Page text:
In what appears to be the obvious impact of CPM on Patil's response on the Nandigram massacre in the House, he said that as per the report received from the State Government, some miscreants on March 15 ransacked the CPI(M) party office in the area.
There is no clear picture, what is going on? I have asked my next door neighbor's maid in India to find out. She is from that area. That area is completly closed down, worst then Operation Bluestar.

I am searching demography of that area. Missing number is too high.
<b>Nandigram: CBI digs soil, recovers arms </b><!--QuoteBegin-->QUOTE<!--QuoteEBegin-->Following a tip off, the CBI team raided a brick kiln inside Nandigram and recovered heavy cache of arms and ammunitions.

They arrested 10 people from the Nandigram brick kiln and r<b>ecovered nine rifles and five pistols including a foreign made one from their possession. Helmets, binoculars and CPM flags </b>are also recovered from the brick kiln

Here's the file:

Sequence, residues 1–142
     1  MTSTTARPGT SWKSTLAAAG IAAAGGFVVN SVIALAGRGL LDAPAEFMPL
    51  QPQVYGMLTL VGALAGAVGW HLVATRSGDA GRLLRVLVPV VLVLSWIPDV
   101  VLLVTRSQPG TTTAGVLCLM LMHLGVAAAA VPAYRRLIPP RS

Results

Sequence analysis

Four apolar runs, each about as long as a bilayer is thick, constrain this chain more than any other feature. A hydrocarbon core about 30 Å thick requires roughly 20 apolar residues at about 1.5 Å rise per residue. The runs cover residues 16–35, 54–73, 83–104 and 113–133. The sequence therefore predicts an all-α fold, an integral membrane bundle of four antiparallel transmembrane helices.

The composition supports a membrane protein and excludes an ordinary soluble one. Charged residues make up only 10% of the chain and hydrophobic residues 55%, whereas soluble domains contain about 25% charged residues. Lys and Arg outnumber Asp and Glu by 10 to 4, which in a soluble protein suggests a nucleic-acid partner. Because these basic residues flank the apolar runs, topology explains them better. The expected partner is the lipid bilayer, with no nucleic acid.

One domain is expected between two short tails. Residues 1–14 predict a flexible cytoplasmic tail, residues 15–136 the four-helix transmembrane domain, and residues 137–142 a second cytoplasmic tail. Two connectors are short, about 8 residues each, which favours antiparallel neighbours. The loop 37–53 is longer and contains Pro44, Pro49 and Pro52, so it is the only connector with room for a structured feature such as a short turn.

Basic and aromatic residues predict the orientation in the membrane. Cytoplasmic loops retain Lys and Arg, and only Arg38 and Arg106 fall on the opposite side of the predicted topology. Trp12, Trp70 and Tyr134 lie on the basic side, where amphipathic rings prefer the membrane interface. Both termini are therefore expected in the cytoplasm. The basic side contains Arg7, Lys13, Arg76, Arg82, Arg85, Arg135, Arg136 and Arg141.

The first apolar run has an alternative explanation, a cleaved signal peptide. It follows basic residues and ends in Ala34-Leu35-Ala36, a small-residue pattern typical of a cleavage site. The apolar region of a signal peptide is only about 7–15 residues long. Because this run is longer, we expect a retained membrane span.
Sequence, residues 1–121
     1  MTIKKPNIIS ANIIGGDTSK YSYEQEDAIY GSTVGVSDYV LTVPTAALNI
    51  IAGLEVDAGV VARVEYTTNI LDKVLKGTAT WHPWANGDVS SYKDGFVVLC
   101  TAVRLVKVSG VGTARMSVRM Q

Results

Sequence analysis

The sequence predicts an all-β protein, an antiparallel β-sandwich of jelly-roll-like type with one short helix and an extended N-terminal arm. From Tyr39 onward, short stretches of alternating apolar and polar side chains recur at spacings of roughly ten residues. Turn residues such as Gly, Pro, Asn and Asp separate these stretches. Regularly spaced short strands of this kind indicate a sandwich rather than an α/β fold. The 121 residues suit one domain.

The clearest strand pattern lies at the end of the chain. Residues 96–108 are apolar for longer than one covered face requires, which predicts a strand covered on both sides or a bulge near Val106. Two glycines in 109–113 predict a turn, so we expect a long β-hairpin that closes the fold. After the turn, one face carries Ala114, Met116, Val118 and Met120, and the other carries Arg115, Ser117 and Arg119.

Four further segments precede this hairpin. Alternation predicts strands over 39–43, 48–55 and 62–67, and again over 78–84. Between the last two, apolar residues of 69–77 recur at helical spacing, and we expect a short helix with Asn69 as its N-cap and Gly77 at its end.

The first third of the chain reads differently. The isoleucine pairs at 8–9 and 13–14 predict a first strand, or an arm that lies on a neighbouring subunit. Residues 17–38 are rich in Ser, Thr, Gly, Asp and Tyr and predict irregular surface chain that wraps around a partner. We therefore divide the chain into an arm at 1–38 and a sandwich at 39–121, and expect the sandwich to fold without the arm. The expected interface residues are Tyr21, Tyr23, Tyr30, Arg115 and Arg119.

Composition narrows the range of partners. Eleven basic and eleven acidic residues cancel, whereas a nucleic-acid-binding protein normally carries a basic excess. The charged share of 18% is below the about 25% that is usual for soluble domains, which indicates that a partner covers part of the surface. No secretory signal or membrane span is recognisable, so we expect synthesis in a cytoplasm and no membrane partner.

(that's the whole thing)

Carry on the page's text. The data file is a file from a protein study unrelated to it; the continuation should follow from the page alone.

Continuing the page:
Looks like public revolt against CPI-M.
<!--QuoteBegin-->QUOTE<!--QuoteEBegin--><b>CBI begins probe; rape by CPM cadre alleged </b>
Pioneer News Service | Uluberia/Kolkata
Even as a special CBI team led by Joint Director (East) BB Mishra on Friday began investigating Wednesday's police atrocities in Nandigram, allegations of rape have begun to surface:<b> Two victims were reportedly admitted in Tamluk district hospital, sources said. There are also reports that an unnerved police brass is disposing of bodies of slain villagers in other parts of West Bengal to avoid CBI detection.</b>

Trinamool Congress chairperson Mamata Banerjee told newspersons in Kolkata that <span style='font-size:14pt;line-height:100%'>she had received information about women being raped by CPI(M) cadre who have captured Sonachura, Garchakraberia and other places after Wednesday's police action.</span>